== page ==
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Risks and rewards of digital currency market in Iran  

Some statistics indicate the operation of 12 to 15 million Iranians in the cryptocurrency market.

What we know today as cryptocurrency and the crypto industry has been associated with volatility and speculation, including the more unsavory side of finances such as money laundering, tax evasion and purchases of illegal goods.

The initial idea of cryptocurrency dates back to the late 1980s. However, it was in October 2008 when Satoshi Nakamoto presented the idea of Bitcoin and the peer-to-peer electronic system, and the first block of the blockchain network was mined in January 2009.

After the development of blockchain technology and the growth of the crypto industry, regulators around the world scrambled to control the fledgling industry. Some countries had a welcoming view from the outset and considered the field as a new opportunity for development. The United Arab Emirates was one of the first countries with an opportunistic view that hopped on the bandwagon, rushing through a raft of laws which made it possible for investors to trade in digital currencies. 

The Dubai Financial Services Authority (DFSA) has devised crypto-friendly regulatory frameworks. Both in its Initial Coin Offering (ICO) policies and in the development of regulations governing cryptocurrency trading platforms, Dubai has actively facilitated investment in digital currencies.

The situation in Iran has been a bit convoluted. Some statistics indicate the operation of 12 to 15 million Iranians in the cryptocurrency market, which mainly includes retail investors and ordinary people on the street and the markets. The most comprehensive report of digital currency published by a specialized media outlet this year shows that digital currencies are the third choice of Iranians for investment.

Cryptocurrency exchangers both use domestic platforms - which are not few - and foreign platforms for investing. According to an annual report, digital market investors in Iran are mostly in the age range of 35 years and geographically scattered throughout the country.

Many users are attracted to foreign platforms because domestic restrictions and the slow process of legislation leave them with few other viable options.  Foreign platforms also appeal to users since they do not require authentication, or the depth of market data.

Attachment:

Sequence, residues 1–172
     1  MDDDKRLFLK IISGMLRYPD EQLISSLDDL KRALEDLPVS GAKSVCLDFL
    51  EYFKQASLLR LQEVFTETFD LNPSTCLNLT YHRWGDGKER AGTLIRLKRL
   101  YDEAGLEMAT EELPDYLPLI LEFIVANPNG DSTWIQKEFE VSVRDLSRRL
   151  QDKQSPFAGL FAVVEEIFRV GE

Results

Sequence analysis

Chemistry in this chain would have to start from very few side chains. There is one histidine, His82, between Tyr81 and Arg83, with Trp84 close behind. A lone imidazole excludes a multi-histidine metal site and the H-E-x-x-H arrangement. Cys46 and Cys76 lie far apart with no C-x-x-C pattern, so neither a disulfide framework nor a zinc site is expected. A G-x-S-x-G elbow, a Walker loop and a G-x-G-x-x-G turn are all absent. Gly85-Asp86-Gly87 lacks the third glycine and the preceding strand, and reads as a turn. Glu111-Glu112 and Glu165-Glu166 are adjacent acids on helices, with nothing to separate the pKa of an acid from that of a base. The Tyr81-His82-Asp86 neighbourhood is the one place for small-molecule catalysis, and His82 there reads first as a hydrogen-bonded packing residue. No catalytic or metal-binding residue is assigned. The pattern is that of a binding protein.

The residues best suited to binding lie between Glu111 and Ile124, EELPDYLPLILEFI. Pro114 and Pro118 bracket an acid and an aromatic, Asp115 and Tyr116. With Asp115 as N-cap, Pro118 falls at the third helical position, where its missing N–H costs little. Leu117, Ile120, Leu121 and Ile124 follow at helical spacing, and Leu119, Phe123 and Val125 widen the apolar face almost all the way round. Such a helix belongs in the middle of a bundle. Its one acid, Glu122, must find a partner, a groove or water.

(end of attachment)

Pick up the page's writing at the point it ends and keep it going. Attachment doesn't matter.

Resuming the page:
However, the migration of Iranian users to foreign platforms is not just a matter between domestic and foreign businesses. The issue takes serious dimensions when the Iranian property on a foreign platform faces the risk of sanctions, or becomes the target of fraud, hacking of data and property, leaving the users in the lurch without any recourse to justice and recompense and as a result, the property is lost.

There is even a much bigger risk. When an Iranian has an account on a foreign platform, the information of Iranians on a macro level is shared with the owners of the platforms, which can lead to serious security breaches at the national level.

Legislation is always a logical solution to protect the rights of users and other parties and create transparency. Not long ago, the Central Bank of Iran unveiled the financial technology (fintech) roadmap in a bid to set out both transparency and regulatory measures in digital trade.

Abbas Ashtiani, the CEO of Blockchain Association, believes restrictions and transparency do not go hand in hand. Restrictions basically prompt users to migrate to illegal channels, where they run the risk of having their information and property compromised.

“Laws should protect user rights and accommodate the views of legislative and regulatory bodies at the same time. When we approach an issue from a negative perspective, we only make it go underground, rather than become transparent,” he says.

“What a user of the domestic platform needs is to ensure that his property is protected under the law. Regulatory bodies can then rest assured that the users' information will not leave the country and will not be misused.”

According to Ashtiani, restrictions such as the deposit limit set for users of domestic cryptocurrency platforms under the fintech roadmap document will not only fail to protect user rights, but they will also lead to a situation where legal bodies will lose the visibility of the market, and concede relevant opportunities for development to other countries of the region.

In countries such as the UAE, Malaysia, Canada, Japan and France, which have a more progressive cryptocurrency environment and tried to take advantage of the opportunity for economic development and attracting capital, their ministries of economy and even the stock exchange organizations have intervened to regulate the blockchain market.

Iran can take a cue from these experiences to develop the industry, provided that it takes the concerns of legislative bodies and transparency requirements into account. Otherwise, unprofessional and restrictive regulations will draw Iranian users to non-transparent cryptocurrency exchange methods such as underground, insecure and non-transparent foreign platforms, where any visibility of the market is impossible.

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